Kandy has a public transport system based primarily on buses. The bus service is operated both by private companies and the government's own Sri Lanka Transport Board (SLTB). The Kandy Multimodal Transport Terminal (KMTT) after constructed will integrate a major bus terminal to the Kandy railway station. KMTT will handle about 2,000 bus departures, up to 3,000 further through-services, and about 320,000 passenger movements on a daily basis. EoIs from consultants for Design, Construction Supervision and Contract Administration of the project were called in 2016.
The proposed Kandy Airport in the nearby area of Kundasale will create a direct air link to Bandaranaike International Airport in Colombo. The new airport will act as catalyst to the tourism industry in Sri Lanka.
- A-Grade highways
- A1 highway (Kandy road) connects Colombo with Kandy.
- A9 highway connects Jaffna with Kandy.
- A26 highway connects Padiyathalawa with Kandy via Mahiyangana.
- A10 highway connects Puttalam with Kandy via Kurunegala and Katugastota.
- High-speed expressways
- Colombo – Kandy high-speed elevated expressway running 115 km is currently under construction, providing a high-speed link between the two largest economic centers.
- Matale Line of the Sri Lanka Railways connects Kandy by way of Peradeniya and Matale. It connects to the Main Line that links Colombo and Badulla
|UNESCO World Heritage Site|
The Temple of the Tooth Relic in Kandy
|Criteria||Cultural: iv, vi|
|Inscription||1988 (12th Session)|
Temple of the Tooth
On the north shore of the lake, which is enclosed by a parapet of white stone dating to the beginning of the 19th century, are the city's official religious monuments, including the Royal Palace and the Temple of the Tooth, known as the Sri Dalada Maligawa (daḷadā māligāva). Reconstructed in the 18th century, the Sri Dalanda Maligawa is built on a base of granite that was inspired by the temples of Sri Lanka's former capital city, Anuradhapura. An array of materials (limestone, marble, sculpted wood, ivory, etc.) contribute to the richness of this temple. Throughout this small holy city, a number of recent Buddhist monasteries can be found.
The monumental ensemble of Kandy is an example of construction that associates the Royal Palace and the Temple of the Tooth (Palace of the tooth relic) is the place that houses the relic of the tooth of the Buddha. Originally part of the Royal Palace complex of the Kandyan Kingdom, it is one of the holiest places of worship and pilgrimage for Buddhist around the world. It was last of a series of temples built in the places where the relic, the actual palladium of the Sinhalese monarchy, was brought following the various relocations of the capital city.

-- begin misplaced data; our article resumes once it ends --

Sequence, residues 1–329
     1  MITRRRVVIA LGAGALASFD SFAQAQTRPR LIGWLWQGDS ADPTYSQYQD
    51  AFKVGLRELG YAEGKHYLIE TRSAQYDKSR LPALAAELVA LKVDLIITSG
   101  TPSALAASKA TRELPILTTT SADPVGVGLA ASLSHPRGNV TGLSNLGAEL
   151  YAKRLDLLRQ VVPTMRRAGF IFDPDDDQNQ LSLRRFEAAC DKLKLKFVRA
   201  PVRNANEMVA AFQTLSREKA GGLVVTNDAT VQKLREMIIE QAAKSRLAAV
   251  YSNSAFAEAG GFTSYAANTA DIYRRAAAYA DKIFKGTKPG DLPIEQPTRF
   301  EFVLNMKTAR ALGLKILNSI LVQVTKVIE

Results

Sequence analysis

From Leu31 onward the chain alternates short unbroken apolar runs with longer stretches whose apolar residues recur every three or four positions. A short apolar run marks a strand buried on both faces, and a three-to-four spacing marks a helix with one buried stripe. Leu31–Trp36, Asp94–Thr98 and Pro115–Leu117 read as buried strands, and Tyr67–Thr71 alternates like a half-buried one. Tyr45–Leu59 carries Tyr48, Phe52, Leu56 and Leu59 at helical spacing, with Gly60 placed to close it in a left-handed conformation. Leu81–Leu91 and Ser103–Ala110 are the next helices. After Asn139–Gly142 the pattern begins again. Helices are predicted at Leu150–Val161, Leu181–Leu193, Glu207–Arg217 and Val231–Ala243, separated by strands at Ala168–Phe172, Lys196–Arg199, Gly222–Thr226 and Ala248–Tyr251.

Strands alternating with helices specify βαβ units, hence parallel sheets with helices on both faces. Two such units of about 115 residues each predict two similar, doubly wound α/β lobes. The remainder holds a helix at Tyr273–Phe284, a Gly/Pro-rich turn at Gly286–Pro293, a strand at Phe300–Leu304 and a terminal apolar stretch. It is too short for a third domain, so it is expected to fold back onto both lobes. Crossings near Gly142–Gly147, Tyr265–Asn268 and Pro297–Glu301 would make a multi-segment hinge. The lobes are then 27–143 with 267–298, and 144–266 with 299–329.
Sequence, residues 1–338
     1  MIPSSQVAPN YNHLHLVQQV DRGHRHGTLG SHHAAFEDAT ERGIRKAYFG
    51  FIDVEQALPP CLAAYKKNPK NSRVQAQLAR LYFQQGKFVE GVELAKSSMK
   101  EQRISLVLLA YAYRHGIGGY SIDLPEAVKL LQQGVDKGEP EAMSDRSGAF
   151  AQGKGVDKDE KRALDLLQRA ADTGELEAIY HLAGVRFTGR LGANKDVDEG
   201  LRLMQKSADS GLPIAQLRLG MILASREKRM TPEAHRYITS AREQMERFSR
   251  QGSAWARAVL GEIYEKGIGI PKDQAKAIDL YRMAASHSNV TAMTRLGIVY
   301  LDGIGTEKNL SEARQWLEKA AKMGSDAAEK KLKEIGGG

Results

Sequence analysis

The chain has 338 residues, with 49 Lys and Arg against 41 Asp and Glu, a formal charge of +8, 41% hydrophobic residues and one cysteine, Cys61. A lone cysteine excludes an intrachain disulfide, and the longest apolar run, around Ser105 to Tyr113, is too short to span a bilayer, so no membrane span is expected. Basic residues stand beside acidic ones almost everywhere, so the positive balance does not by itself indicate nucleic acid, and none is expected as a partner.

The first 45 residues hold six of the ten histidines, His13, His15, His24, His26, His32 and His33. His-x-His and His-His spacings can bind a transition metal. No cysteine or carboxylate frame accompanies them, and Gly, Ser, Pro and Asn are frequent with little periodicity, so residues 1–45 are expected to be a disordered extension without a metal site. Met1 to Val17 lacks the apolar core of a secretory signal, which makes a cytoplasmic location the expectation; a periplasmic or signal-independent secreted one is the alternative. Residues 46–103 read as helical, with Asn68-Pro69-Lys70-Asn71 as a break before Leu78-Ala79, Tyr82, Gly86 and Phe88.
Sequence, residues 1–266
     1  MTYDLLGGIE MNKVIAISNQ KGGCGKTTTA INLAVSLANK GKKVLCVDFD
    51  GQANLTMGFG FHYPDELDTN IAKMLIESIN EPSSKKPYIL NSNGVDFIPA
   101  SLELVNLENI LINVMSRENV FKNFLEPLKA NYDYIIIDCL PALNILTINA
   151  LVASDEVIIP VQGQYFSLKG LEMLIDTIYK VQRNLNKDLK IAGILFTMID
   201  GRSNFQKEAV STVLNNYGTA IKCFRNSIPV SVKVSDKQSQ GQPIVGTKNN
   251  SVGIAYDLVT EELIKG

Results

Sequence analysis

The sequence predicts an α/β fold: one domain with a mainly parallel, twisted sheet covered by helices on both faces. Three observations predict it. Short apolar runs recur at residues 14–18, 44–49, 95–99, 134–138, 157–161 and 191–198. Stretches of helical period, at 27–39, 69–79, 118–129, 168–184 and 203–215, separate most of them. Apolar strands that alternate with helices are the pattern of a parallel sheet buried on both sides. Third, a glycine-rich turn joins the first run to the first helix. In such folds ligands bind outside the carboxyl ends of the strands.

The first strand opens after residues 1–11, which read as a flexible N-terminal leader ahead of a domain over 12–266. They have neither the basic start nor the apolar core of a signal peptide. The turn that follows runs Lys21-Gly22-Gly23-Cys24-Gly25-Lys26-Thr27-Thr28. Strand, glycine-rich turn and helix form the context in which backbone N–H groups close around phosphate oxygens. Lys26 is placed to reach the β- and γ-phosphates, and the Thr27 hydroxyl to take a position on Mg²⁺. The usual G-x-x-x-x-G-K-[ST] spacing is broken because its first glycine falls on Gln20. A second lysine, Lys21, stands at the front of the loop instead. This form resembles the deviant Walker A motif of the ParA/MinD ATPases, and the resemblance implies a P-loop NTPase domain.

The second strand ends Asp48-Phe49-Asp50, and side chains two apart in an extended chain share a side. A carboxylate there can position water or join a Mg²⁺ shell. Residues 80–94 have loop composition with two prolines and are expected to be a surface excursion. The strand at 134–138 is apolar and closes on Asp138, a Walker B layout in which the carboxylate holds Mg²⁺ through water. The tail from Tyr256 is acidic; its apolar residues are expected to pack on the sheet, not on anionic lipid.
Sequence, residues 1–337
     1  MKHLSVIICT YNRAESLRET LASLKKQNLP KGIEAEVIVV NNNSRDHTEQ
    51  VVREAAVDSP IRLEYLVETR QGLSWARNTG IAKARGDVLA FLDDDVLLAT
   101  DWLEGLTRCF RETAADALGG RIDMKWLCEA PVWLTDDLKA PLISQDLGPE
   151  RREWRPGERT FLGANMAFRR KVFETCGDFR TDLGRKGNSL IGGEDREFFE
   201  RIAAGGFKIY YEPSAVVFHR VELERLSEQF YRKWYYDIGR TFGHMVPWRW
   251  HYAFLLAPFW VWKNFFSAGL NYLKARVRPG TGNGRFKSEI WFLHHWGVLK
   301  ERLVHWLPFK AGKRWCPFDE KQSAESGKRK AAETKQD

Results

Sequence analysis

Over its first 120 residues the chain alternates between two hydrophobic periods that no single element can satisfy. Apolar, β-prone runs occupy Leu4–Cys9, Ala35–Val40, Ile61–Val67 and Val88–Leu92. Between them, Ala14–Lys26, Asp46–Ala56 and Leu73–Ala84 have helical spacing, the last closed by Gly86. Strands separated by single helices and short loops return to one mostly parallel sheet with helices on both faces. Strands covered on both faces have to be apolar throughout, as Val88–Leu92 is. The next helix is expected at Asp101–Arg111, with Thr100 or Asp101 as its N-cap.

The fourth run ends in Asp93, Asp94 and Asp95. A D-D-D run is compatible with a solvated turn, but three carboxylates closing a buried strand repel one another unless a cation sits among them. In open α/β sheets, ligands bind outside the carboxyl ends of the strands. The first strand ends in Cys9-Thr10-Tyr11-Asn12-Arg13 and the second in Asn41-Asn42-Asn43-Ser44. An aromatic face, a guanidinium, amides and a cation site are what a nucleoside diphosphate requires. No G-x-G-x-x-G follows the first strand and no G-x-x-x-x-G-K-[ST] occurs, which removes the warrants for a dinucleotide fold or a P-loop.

The Palace of the Tooth relic, the palace complex and the holy city of Kandy are associated with the history of the dissemination of Buddhism. The temple is the product of the last peregrination of the relic of the tooth of Buddha and the testimony of a religion which continues to be practiced today.
The Royal Palace of Kandy is the last Royal Palace built in the island. Although only part of the original palace complex remain. The Temple of the Tooth was part of this complex, due to the ancient tradition that stated that the monarch is the protector of the relic though which the ruler of the land. It today houses the National Museum Kandy which holds an extensive collection of artifacts from both the Kandy Kingdom and the British colonial rule.
The Lankatilaka Temple is considered to be one of the best preserved examples of traditional Sinhalese temple architecture. Built on a rock, the temple is reached by a long series of rock cut steps. An arched passage of the image house leads through a Mandapa (hall) into the inner sanctum which is decorated with floral designs. The two side walls and the ceiling are decorated with paintings. In the inner sanctum is a large seated image of the Buddha.